But Bush himself was neither a compromiser nor a relenter. He was not a romantic socialist, like Rutland Boughton and the folk-song revivalists, but a hard-line subscriber to a rigid Marxism which put the requirements of the revolutionary proletariat at the head of the composer's responsibilities. The result, however, was not the brash and brassy populism that one might expect.
Bush was something of a wunderkind and in the 1920s it looked as though he might become Britain's first great international pianist - he studied with three of the most distinguished teachers of the inter-war years, Benno Moiseiwitsch, Tobias Matthay and Artur Schnabel - but composition won out, and from six years of lessons with John Ireland he learnt the sophisticated and restrained craftsmanship which marked his music from the beginning. A work of 1929 for string quartet, Dialectic, has a tightness and austerity of organisation remarkable for a period of English music when fulsome lyricism was the norm.
In the early Thirties he studied philosophy and musicology in Berlin, and the experience proved a turning-point. It was here that he came into close contact with Bertold Brecht and Hanns Eisler, whose influence radicalised his political leanings: back in England he joined the Communist Party in 1935 and founded the Workers' Music Association, for which he did sterling work as a conductor. There were still contradictions. His Symphony in C (1939) portrayed in its three movements the bourgeoisie, the sufferings of the working class, and its final triumph, but not in an idiom calculated to appeal to the masses.
During the Second World War, Bush was ostracised, and Vaughan Williams once threatened to sever all links with the BBC unless they lifted a ban on the broadcasting of an avowed Communist's music. In the later Forties, he was an enthusiastic visitor to Stalin's Soviet Union and was deeply shaken by the infamous decree of Stalin's controller of culture, Andrei Zhdanov, in 1948 against "formalism" and "dissonance" in modern music. "Who accused you of formalism?" he was later asked. "I accused myself," he replied; a remark that speaks volumes about both his isolation in Britain and his monastic severity of temperament.
He resolved to simplify and communicate more broadly. His first opera, Wat Tyler, which won a prize in the 1951 Festival of Britain opera competition but failed to secure a professional performance in his home country for over 20 years, contains rousing choruses as well as a generally more relaxed and accessible style of melody and harmony. As well as several attractive chamber and instrumental works, there followed a ballad on the Aldermaston marches, songs for the "Asian Struggle", as well as an opera on the trade- union martyr Joe Hill. It is significant that this music had far more exposure in East Germany than it ever found anywhere further west.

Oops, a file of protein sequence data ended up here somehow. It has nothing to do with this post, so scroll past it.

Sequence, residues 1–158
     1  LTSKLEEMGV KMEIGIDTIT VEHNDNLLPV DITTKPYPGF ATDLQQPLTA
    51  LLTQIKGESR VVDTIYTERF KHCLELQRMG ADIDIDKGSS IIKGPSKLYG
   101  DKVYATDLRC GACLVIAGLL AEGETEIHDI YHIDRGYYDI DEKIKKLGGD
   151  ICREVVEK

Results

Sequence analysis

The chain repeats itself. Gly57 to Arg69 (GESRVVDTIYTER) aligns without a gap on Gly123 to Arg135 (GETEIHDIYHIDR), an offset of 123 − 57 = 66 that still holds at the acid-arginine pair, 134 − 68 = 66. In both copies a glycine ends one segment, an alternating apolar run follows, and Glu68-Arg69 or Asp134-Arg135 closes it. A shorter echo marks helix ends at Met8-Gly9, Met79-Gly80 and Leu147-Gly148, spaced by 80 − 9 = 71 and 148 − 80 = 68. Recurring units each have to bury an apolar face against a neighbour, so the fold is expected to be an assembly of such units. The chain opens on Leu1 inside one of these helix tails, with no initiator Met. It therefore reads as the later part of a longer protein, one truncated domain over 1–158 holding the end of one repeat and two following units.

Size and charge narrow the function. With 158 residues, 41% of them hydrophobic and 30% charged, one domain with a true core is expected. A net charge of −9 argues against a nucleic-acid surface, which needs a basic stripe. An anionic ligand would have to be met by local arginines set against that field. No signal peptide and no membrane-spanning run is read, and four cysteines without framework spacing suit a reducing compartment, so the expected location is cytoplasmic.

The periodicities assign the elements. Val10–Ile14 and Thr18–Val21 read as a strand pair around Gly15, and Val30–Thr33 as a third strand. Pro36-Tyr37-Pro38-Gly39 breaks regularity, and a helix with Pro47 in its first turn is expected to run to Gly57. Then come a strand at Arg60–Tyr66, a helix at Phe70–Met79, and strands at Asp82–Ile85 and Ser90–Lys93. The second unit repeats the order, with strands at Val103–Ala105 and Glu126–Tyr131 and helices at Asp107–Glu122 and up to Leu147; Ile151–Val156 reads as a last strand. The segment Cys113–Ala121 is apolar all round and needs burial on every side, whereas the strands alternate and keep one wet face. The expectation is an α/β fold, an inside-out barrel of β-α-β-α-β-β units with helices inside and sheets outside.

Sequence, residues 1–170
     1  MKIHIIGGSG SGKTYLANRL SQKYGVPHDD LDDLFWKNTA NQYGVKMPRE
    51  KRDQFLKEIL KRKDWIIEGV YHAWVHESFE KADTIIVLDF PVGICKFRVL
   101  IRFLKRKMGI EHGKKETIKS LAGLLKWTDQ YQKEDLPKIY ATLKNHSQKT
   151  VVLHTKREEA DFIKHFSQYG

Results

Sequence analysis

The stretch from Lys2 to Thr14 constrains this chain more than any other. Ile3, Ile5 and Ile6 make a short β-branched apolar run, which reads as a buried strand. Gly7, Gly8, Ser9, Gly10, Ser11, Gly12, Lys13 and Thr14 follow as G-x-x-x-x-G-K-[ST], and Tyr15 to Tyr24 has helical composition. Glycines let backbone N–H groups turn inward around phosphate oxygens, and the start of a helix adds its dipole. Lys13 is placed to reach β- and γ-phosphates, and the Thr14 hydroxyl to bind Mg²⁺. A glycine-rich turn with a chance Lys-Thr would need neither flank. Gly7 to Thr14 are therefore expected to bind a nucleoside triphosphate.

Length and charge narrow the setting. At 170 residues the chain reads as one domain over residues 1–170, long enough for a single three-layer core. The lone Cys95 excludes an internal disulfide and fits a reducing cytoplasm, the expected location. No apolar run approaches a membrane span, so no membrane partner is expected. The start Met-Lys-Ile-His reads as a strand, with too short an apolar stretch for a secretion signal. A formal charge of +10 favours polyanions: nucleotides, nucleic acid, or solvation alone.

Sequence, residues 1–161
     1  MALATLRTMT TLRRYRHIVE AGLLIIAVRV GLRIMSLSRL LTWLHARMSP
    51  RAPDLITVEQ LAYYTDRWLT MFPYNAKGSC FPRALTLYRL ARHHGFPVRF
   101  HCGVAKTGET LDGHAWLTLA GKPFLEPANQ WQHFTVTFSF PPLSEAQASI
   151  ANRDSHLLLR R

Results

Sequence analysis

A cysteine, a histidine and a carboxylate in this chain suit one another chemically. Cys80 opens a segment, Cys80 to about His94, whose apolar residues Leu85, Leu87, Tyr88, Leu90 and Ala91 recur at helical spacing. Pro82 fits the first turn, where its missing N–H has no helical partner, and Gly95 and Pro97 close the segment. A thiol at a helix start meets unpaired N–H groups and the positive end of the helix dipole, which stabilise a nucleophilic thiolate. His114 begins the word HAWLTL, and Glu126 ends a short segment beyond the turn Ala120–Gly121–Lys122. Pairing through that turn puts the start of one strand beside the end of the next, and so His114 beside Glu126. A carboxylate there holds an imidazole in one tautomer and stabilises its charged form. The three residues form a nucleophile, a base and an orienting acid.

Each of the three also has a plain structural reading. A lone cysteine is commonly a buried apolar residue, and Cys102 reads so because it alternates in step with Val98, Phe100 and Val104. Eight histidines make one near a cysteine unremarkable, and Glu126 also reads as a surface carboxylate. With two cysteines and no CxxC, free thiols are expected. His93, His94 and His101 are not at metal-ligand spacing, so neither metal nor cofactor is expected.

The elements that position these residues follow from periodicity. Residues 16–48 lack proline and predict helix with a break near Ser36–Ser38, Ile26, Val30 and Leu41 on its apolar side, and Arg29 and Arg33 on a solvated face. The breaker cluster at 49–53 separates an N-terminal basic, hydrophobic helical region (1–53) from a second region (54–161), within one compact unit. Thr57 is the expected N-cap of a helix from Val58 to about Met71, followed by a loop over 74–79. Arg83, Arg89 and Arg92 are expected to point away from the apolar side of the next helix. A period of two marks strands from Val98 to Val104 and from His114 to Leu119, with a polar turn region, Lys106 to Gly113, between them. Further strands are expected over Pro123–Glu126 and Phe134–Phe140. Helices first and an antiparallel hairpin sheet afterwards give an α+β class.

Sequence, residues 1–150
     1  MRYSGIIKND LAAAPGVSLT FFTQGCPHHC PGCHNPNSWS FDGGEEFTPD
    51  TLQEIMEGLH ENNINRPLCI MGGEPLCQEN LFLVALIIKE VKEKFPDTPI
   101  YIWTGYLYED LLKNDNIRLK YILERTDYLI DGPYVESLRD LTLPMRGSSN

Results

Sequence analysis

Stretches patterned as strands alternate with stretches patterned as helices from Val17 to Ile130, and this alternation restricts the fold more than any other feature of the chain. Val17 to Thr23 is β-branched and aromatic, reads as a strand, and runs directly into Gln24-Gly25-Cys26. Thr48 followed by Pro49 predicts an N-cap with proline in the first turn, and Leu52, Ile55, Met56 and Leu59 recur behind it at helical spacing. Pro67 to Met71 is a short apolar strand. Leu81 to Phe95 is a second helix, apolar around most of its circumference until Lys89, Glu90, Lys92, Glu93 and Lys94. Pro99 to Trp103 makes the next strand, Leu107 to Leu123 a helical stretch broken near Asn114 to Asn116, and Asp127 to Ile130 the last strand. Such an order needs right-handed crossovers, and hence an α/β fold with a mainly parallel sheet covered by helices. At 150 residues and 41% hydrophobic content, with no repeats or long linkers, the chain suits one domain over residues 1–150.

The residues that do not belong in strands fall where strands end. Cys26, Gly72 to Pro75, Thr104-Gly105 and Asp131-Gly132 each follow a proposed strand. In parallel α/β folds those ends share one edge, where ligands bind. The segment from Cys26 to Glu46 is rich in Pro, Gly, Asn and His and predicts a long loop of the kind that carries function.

Bush was an impressive figure with a penetrating gaze and somewhat unbending manner. His sincerity and integrity could not be doubted, but the unbendingness reaches into his music, too, for all its economy and intelligence. Perhaps his masterpiece is the Violin Concerto of 1948, a work as beautiful and refined as any in the genre since Walton's. It was surely of this level of his achievement that Vaughan Williams was thinking when he paid his candid tribute to Bush on his 50th birthday. "Alan Bush has rather fantastic notions of the nature and purpose of the Fine Arts. Luckily for us, when the inspiration comes over him he forgets all about this and remembers only the one eternal rule for all artists, 'To thine own self be true'."
Bush, needless to say, would have demurred.
Alan Dudley Bush, composer, conductor, pianist: born Dulwich 22 December 1900; Professor of Composition, Royal Academy of Music 1925-78; conductor, London Labour Choral Union 1929-40; founder, Workers' Music Association 1936, President 1941-76; served Royal Army Medical Corps 1941-45; Chairman, Composers Guild of Great Britain 1947-48; author of Strict Counterpoint in the Palestrina Style 1948, In My Seventh Decade 1970, In My Eighth Decade and Other Essays 1980; married 1931 Nancy Head (died 1991; two daughters, and one daughter deceased); died Watford 31 October 1995.Reuse content